Yesterday I called in a wholesale grocery order and chatted with the salesperson a bit.
Instead of just taking the order, he asked me some questions about what I was going to use things for.
Turned out, because I've never learned the specific food service jargon I was ordering the wrong things.
Well, not wrong. Just that there were better options that I never knew about.
For example, we were cutting up a 50 pound box of B potatoes to make french fries. But for a few dollars less, we could have gotten 4x 15 pound bags of A potatoes (60 pounds). He taught me that the A potatoes are larger and better suited to french fries (and less cleaning time for me) while the B potatoes are smaller and meant to be cooked whole.
Once he explained it, the codes made sense. Adult size vs Baby size.
For someone in the industry, this sort of thing isn't a problem. Insiders already know what those are and the jargon can actually help speed up a conversation with other insiders. Many developers will know that using SQL to put JSON into a RDMS is probably not a good idea and a NOSQL or key/value store would be better, but non-developers will get lost by all the jargon.
If you're serving customers and attracting outsiders who don't know the jargon of your industry, it's up to you to explain it to them. The more informed and educated your customers feel about your products, the more trust you build, and the better chance they'll buy from you over a competitor (both now and in the future).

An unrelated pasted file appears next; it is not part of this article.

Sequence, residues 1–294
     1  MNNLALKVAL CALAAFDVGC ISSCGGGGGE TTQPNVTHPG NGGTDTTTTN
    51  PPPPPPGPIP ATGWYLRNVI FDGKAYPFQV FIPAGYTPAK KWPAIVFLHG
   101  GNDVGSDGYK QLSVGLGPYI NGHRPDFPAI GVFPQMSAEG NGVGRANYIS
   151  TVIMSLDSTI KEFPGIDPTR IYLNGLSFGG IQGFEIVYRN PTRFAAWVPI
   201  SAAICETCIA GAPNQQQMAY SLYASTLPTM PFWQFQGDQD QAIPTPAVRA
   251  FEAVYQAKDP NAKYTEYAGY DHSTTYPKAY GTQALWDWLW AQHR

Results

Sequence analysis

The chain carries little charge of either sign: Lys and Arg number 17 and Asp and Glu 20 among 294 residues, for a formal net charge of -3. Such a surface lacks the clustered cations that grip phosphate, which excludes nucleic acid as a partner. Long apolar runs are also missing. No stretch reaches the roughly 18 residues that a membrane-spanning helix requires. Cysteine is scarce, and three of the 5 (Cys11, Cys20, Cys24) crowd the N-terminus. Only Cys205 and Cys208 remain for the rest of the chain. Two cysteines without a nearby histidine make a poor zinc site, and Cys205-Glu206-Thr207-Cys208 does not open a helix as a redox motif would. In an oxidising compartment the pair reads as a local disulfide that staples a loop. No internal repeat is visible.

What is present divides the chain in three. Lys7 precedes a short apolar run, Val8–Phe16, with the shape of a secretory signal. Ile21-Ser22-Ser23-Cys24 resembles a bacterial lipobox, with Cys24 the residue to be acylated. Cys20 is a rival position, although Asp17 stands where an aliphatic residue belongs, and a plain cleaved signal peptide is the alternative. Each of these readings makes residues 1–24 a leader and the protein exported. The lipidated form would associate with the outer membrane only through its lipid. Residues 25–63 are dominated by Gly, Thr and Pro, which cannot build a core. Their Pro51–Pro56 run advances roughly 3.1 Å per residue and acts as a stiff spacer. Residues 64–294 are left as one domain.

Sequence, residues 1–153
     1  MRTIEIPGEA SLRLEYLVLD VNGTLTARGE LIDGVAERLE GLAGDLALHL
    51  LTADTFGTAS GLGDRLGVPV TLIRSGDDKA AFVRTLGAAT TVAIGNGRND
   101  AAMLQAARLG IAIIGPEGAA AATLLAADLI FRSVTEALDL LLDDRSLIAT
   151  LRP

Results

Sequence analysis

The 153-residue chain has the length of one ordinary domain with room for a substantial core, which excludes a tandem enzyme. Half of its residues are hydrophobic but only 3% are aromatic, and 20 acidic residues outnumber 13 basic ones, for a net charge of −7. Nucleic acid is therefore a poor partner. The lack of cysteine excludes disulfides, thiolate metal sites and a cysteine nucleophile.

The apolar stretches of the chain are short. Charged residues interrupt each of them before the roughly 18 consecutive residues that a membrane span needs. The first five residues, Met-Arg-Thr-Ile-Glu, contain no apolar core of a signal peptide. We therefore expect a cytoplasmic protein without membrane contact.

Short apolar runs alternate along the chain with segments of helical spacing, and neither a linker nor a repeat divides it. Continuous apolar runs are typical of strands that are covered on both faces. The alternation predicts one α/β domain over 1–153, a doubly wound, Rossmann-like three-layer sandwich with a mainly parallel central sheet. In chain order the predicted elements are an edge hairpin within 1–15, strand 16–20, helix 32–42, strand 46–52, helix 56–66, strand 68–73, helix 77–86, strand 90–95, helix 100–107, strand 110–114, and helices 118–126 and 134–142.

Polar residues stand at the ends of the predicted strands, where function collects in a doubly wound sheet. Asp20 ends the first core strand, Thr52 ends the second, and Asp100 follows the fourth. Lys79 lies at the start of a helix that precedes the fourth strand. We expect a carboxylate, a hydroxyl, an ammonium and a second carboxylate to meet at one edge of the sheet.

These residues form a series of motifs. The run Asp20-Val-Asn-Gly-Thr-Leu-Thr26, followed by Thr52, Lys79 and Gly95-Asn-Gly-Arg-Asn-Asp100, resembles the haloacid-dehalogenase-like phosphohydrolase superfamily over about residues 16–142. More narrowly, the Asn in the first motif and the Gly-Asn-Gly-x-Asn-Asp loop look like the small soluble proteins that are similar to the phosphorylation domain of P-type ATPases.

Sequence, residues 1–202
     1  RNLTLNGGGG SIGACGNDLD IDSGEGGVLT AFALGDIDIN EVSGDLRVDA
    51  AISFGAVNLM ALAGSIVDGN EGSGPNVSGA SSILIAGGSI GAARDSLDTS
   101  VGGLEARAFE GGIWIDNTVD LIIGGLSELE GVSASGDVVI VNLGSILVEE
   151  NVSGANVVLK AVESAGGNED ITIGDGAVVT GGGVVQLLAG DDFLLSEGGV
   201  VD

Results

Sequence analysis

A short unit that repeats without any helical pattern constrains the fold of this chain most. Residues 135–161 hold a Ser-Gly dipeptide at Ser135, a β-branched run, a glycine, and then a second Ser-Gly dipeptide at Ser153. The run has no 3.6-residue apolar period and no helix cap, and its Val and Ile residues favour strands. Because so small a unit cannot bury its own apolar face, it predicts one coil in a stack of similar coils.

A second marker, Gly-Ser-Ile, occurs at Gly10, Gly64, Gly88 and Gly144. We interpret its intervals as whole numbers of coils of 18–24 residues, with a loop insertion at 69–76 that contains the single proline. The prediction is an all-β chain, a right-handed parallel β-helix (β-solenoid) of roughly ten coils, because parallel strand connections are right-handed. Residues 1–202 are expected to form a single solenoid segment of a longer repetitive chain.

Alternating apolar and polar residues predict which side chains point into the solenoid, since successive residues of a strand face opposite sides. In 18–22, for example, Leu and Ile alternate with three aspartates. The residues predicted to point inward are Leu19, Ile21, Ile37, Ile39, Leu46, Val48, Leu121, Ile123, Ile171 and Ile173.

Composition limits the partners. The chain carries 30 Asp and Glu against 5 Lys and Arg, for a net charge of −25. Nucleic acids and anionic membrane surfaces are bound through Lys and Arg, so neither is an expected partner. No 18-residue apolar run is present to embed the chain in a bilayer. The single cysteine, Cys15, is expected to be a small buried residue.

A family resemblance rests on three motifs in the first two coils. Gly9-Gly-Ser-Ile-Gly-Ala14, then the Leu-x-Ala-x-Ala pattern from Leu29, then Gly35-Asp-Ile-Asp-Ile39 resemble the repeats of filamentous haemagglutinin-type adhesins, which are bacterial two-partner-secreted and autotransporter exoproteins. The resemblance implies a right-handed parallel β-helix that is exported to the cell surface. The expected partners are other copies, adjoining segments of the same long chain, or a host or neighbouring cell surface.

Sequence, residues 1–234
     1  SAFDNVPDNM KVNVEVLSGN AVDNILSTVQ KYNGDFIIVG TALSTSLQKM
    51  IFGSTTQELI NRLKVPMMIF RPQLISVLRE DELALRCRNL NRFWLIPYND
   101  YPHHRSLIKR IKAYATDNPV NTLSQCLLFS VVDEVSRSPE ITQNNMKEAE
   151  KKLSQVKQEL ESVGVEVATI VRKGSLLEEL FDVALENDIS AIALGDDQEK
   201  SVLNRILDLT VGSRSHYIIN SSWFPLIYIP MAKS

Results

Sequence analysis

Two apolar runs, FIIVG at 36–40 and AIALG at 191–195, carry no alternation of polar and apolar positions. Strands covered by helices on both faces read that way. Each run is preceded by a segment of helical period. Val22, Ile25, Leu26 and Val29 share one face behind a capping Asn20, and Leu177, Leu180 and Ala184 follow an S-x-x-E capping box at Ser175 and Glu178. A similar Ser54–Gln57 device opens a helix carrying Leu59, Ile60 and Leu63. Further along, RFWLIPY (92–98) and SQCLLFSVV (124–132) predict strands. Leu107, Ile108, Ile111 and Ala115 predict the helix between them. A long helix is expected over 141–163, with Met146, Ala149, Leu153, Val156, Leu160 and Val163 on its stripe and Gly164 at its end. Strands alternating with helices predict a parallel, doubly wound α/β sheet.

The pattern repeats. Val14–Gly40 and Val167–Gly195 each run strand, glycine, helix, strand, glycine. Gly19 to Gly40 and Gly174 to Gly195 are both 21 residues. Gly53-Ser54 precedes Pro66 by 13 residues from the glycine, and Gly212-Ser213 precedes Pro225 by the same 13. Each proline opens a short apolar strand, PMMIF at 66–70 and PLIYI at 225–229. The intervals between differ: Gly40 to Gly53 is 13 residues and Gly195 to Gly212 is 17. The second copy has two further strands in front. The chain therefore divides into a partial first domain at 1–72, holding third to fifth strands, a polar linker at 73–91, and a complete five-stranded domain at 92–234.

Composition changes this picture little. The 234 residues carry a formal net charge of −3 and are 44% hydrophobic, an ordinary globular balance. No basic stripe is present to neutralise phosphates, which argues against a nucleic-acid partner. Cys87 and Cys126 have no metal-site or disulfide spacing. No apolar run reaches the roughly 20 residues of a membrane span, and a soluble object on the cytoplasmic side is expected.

If you don't explain it or confuse them with it, they're going to get uncomfortable and that feeling will carry over to your store. Confused and uncomfortable people don't buy.
Explain your jargon, create resources to help industry outsiders, and you'll start to see benefits accrue. That's what true content marketing is all about, not cranking out N blog posts per week that no one reads.
That's how you can build a Shopify store that keeps its repeat customers year-after-year.
Repeat Customer Insights can also help you understand your customer's behavior and see if you're improving or declining. With its collection of behavior reports, you can see what they're actually doing instead of throwing darts at the wall.